The pilot also introduces community participation into the service delivery process. Village governments can nominate local teachers to receive training, and community groups enter into contract arrangements with the NGOs, and are responsible for monitoring performance as well as managing and dispersing funds.
In 2016, 203 training classes were delivered to community teachers from over 2,500 villages. For many of these teachers it was their first opportunity to attend formal training.
Encouragingly, master trainers were willing to navigate tough terrain, by motorbike or even small boats to reach remote areas, and also boarded with local families where no accommodation options were available. As a result of this commitment, training was delivered at the sub-district level, meaning teachers only had to travel short distances, could return to their homes at night, and were able to bring their own children to the training sessions.
The two-year pilot program operates by allocating earmarked funds for communities to purchase training for three teachers from their village each year (approximately Rp. 1,500,000 (USD 110) per teacher). As communities become more familiar with being involved in the service delivery process, it is hoped they will begin to use their own Village Funds to purchase the training package for their teachers, given it’s low unit cost.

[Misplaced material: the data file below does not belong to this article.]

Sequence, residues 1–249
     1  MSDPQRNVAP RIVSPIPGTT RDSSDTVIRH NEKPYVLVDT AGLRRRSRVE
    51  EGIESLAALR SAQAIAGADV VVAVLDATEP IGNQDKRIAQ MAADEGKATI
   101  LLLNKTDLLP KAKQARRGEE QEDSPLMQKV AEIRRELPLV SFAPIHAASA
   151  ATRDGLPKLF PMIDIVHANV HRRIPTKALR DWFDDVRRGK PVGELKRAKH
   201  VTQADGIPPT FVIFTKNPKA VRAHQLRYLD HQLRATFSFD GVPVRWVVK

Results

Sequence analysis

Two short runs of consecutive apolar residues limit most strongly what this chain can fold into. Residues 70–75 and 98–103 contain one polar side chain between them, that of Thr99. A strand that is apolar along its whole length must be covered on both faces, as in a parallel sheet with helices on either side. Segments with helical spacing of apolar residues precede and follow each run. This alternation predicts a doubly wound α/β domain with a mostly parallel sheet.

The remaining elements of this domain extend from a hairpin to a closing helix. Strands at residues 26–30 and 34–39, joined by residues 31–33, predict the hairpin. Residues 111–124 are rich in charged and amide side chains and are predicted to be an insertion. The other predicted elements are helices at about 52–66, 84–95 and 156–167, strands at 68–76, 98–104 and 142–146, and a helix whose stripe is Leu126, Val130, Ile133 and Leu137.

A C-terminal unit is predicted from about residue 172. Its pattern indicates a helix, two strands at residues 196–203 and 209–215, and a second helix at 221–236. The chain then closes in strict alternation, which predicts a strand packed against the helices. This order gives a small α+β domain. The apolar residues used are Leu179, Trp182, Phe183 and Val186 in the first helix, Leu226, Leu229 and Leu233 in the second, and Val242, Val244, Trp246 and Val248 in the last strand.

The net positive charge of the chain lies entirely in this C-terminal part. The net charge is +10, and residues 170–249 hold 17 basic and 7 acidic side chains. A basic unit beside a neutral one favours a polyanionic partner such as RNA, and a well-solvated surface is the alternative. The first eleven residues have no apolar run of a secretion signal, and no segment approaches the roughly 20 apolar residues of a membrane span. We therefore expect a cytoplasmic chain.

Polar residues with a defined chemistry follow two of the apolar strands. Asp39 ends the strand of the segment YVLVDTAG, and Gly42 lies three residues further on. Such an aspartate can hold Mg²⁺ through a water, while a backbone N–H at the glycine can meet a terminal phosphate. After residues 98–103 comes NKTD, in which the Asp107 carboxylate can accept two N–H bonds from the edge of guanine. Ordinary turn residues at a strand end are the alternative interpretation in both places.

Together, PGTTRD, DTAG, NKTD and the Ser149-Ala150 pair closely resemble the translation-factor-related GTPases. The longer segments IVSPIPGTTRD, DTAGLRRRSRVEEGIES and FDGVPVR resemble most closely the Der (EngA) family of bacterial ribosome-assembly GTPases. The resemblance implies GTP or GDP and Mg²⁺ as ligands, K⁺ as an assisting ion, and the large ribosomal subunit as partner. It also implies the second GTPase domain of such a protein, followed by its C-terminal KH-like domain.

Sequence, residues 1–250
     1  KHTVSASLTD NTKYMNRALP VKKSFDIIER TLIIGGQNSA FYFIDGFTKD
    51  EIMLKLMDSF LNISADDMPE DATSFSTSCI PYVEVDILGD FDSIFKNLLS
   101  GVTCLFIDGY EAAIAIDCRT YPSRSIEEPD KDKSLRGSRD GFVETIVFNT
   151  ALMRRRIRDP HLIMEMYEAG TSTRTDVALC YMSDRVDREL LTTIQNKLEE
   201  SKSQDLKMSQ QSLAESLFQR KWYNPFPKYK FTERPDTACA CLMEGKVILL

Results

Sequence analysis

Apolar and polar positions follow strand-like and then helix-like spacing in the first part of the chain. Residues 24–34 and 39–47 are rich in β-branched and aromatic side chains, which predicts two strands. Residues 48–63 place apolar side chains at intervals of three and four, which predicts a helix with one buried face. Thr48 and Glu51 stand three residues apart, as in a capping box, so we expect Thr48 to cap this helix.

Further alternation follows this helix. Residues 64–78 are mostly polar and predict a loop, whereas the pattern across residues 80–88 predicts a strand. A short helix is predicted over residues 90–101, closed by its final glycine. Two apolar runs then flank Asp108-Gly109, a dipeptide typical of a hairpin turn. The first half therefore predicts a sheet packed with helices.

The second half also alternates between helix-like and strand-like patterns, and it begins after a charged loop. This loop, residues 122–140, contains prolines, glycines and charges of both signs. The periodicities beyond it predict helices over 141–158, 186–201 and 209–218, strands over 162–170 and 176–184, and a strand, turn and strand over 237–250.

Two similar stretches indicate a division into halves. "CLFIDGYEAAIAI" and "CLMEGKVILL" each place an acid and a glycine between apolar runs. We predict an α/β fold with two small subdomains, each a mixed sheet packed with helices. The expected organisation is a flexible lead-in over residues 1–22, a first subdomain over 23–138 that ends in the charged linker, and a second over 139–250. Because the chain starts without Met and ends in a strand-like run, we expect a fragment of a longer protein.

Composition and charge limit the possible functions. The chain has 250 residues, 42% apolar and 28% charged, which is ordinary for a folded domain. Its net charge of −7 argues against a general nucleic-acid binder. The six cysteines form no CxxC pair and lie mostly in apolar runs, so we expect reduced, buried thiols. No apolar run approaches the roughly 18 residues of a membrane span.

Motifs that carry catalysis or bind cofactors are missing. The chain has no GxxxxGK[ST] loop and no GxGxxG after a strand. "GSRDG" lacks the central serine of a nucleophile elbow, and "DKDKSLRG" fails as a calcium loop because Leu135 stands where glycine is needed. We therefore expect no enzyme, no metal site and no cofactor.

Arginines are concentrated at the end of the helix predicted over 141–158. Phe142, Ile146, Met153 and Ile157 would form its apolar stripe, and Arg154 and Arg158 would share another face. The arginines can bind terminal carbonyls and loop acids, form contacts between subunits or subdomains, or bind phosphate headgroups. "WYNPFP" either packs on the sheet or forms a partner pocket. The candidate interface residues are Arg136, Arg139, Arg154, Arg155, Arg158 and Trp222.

This district-based, community focused training system puts forward a more market-based model for service provision by connecting supply and demand for quality ECE at the local level. This approach has the potential to accelerate the up-skilling of community teachers in rural and remote areas of Indonesia, to ensure that the future generation has an equal start, no matter where they are born.
Dini Ruhiyatun is the only teacher at the Seroja Indah Early Childhood Education Center (PAUD) in the hamlet of Lendang Terong, in Barabali Village, Central Lombok. The PAUD, which has more than 20 students, had no permanent location until recently. In 2016, members of the community lobbied the village government to build a multi-function hall using Rp 60 million (US$4,450) in village funds. The idea to build the hall was initiated through the Generasi project, which is dedicated to integrating mother and child healthcare, as well as early childhood education and development programs, into village development planning. The hall is also used as a local health post (posyandu) and for other community activities by three nearby hamlets.
The village government has acknowledged Dini’s significant contribution to improving the quality of early childhood education in the village, and has provided her with support to improve her skills. Recognizing that Dini has no formal background as a teacher, the village government supported her participation in PAUD teacher training as part of the ECED project. The training was provided to Dini and 7,797 other community-based teachers in 2,647 villages throughout the 25 participating districts in 2016.
Dini explains, “In one of the training modules, we were taught how to develop a teaching workplan. This was extremely valuable, providing me with a practical guide for how to better present lessons in my classes. After participating in the training, I have been able to develop teaching material in a more structured way. The training also strengthened my confidence and invigorated my passion to continue teaching.”